Thursday, July 27, 2017

Solar-eclipse fever means counterfeit glasses are flooding Amazon’s market

I suggest reading the whole article.

Written by Elijah Wolfson
July 27, 2017


As August 21 nears, eclipse-chasers are realizing that if they want to see the sun disappear behind the moon, they can’t just wake up on the day of the astronomical event and step outside their homes. They’ll need solar eclipse glasses. And so, in the past few months, a cottage industry has sprung up to accommodate this market need. The problem is that many of these newly arrived sellers of solar eclipse glasses are fly-by-night manufacturers looking to turn a quick profit by selling subpar and potentially dangerous goods to unsuspecting Americans.


NASA, of course, has a website dedicated to the 2017 eclipse, and on it, they have a section dedicated to eclipse-viewing safety. The site says that eclipse-viewing glasses must meet a few basic criteria:

Have ISO 12312-2 certification (that is, having been certified as passing a particular set of tests set forth by the International Organization of Standardization)
Have the manufacturer’s name and address printed somewhere on the product
Not be older than three years, or have scratched or wrinkled lenses

NASA also names a few trustworthy lens brands: “Our partner the American Astronomical Society has verified that these five manufacturers are making eclipse glasses and handheld solar viewers that meet the ISO 12312-2 international standard for such products: American Paper Optics, Baader Planetarium (AstroSolar Silver/Gold film only), Rainbow Symphony, Thousand Oaks Optical, and TSE 17.”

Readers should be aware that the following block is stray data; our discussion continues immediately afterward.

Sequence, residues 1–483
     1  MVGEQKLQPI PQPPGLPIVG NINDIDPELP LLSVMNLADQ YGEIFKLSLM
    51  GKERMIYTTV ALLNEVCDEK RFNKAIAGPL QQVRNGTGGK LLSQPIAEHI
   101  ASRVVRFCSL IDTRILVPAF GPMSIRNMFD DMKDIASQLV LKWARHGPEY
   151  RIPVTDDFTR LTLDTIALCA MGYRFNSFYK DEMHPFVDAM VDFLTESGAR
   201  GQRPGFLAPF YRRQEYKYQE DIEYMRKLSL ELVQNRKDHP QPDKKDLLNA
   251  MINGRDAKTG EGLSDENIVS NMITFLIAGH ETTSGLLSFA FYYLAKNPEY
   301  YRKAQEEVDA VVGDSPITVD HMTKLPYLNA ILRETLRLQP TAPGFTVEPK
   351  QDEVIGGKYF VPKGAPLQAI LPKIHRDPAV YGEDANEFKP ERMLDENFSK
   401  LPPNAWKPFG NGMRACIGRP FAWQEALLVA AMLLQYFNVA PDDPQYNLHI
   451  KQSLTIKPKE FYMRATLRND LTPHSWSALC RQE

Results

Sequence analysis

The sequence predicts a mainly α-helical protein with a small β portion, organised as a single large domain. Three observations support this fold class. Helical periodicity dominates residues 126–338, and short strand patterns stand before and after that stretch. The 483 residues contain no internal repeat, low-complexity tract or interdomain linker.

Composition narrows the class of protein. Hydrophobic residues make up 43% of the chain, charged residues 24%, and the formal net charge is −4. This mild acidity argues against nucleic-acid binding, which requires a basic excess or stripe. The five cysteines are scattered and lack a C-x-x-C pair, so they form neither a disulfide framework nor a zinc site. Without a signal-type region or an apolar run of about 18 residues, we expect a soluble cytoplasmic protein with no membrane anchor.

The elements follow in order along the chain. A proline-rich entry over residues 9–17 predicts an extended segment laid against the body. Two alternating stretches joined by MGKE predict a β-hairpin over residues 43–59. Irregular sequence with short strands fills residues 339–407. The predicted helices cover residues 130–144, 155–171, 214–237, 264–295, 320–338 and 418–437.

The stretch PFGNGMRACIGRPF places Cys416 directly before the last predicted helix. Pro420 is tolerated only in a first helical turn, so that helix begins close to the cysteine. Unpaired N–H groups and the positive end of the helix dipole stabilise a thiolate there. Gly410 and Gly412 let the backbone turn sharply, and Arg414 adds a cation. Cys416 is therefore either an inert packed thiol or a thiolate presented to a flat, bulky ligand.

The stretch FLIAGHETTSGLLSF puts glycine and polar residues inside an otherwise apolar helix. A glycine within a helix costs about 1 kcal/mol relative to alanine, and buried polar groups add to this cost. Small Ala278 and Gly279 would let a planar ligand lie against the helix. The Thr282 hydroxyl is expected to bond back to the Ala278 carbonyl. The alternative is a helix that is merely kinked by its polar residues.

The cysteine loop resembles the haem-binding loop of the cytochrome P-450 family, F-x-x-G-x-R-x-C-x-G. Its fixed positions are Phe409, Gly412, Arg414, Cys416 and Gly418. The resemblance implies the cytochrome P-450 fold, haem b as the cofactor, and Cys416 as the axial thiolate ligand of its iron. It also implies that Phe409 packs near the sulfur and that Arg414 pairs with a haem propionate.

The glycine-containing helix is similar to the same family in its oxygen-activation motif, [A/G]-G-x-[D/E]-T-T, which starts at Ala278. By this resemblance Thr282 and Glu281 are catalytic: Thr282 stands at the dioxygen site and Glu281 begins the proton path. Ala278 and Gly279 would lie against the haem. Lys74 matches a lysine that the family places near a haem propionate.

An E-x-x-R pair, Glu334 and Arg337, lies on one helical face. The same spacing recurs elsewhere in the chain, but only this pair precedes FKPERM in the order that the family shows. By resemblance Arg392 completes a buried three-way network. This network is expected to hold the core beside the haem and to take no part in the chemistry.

But if you search for “eclipse glasses” on Amazon, Lunt’s TSE17 lenses don’t show up anywhere near the first 100 results. Those are filled, almost entirely, with sellers like Summstar, which sells HDMI splitters and lightbulbs alongside supposedly sun-safe glasses, and Habibee, which sells a bewildering mix of things like brightly colored plastic hairclips, nail polish, and men’s suspenders.

All of the NASA-approved manufacturers are specialists, making only lenses or astronomical gear. Most have also been in business for decades, and are well-known within the astronomy community and among eclipse-chasers. You can go to their websites and see where they source their parts, what companies did their certifications, and where you can find their factories. The Amazon sellers, on the other hand, typically sell a handful of random products—often recent fad items like fidget-spinners—and provide neither sourcing nor contact information.


All this has made me suspicious about my own glasses. The ones I bought have all the right words printed on them: “meets the Transmission Requirements of ISO 12312-2” they say, before going on to list a slew of other standards allegedly met. Then at the end: “Mfg. by: American Paper Optics.”

But the Amazon listing didn’t actually say American Paper Optics manufactured the lenses; it just showed up with the Tennessee-based company’s stamp on it. I ask Lunt how I could tell if what I had was the real deal or a knock-off, and he tells me to look at the earpieces. There’s a design element that’s been generic among all of cardboard glasses for years (remember those red-and-blue lensed 3D glasses?): the part of the cardboard frame that hooks over the ears has a rounded end. APO recently changed their design to have a more squared-off earpiece.

No surprise, my 10-pack all have rounded ears, the scarlet letter of phoniness.


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